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Industry Insight Tips & Advice

Pros and Cons of Working From Home

 

As pandemic restrictions are tightened again, and some areas go back into lockdown, workers are again being asked to work from home when possible. While construction companies are used to working from many sites, the office staff is generally located in a central office. Changing venues for office workers has its advantages and disadvantages. Here are some of the benefits and challenges for construction company employers of having workers work from home.

Benefits to employers

1. Higher productivity

When working from home, employees are often more productive than they are at the office. There are fewer distractions from coworkers stopping by to chat or ask questions. It’s easier to shut out time-suckers like email notifications and unnecessary meetings. A FlexJobs 2020 survey found that workers who thought they were more productive at home, were. Respondents cited fewer interruptions and quiet working environments as part of the reason for their increased productivity.

2. Recruit from a larger pool of candidates

When location isn’t a factor when hiring, companies can expand the pool of possible candidates for open positions. This can lead to hiring more highly skilled workers for key roles. When companies hire the best of the best, their products and services improve in quality.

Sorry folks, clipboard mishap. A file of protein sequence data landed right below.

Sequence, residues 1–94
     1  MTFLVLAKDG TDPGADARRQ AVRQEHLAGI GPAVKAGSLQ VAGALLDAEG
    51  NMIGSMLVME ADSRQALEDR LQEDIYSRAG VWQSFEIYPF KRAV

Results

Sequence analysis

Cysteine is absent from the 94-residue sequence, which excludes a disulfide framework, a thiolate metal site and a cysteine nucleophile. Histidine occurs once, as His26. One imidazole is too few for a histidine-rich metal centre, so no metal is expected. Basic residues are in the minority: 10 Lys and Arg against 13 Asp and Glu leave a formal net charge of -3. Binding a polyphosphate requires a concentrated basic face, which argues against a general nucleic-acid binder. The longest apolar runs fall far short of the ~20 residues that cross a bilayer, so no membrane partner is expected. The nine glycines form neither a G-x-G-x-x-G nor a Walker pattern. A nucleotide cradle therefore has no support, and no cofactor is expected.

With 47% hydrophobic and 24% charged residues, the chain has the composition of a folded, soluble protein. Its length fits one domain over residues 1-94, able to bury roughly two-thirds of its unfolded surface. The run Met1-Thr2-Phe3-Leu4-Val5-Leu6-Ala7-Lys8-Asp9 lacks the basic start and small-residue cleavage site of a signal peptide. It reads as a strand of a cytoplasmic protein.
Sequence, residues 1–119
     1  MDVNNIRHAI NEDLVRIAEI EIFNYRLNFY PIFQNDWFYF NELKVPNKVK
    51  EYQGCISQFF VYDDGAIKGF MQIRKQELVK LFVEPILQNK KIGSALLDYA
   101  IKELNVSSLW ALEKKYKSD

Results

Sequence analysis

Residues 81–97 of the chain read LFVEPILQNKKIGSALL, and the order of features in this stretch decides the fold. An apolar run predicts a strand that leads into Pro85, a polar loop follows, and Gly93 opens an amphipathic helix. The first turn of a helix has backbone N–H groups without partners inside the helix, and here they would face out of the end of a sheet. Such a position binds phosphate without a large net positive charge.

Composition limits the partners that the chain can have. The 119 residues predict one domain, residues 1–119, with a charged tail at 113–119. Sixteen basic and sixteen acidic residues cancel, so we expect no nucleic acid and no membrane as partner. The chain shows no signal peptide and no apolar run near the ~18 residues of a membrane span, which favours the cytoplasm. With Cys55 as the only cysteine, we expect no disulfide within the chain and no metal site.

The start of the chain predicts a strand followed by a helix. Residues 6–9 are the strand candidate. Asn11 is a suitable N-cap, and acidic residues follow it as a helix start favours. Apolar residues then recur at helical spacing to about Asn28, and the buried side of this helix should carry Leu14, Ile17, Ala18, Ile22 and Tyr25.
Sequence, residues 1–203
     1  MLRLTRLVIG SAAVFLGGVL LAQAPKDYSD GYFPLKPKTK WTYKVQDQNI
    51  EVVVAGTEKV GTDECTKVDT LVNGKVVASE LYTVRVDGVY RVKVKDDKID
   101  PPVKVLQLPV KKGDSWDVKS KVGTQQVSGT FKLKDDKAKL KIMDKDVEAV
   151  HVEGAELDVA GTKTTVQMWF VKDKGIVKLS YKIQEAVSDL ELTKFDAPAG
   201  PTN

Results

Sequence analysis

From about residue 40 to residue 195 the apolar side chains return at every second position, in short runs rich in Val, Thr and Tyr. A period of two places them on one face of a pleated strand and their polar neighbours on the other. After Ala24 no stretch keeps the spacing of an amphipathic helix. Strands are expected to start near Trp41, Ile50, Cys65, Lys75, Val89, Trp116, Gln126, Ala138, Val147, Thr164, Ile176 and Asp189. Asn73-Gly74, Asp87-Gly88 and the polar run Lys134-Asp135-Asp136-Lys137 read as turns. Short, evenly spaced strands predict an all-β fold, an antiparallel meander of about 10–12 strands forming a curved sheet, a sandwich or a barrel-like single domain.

3. Reduce turnover

The flexibility inherent in a remote job allows workers to stay with them longer. For example, if an employee needs to relocate because of a spouse’s job change, instead of quitting they can easily continue working for the same company from another location. Companies can keep key talent when there are fewer constraints on where they perform the work.

4. Reduce overhead costs

For some companies, overhead costs like office rent and supplies can be significantly reduced or even eliminated by employing a remote workforce. With fewer overhead expenses, profits increase.

Employees also save money. Since they don’t have to commute anymore, they save on gas, car repairs, parking, and lunches. This savings translates into more of their hard-earned money staying in their pockets.

5. Fewer sick days

Spending less time around other people, coworkers, and the public, results in less sick time. Workers reduce their chances of catching viruses, colds, and the flu. With less downtime, workers are more productive and are able to get more accomplished over the long haul.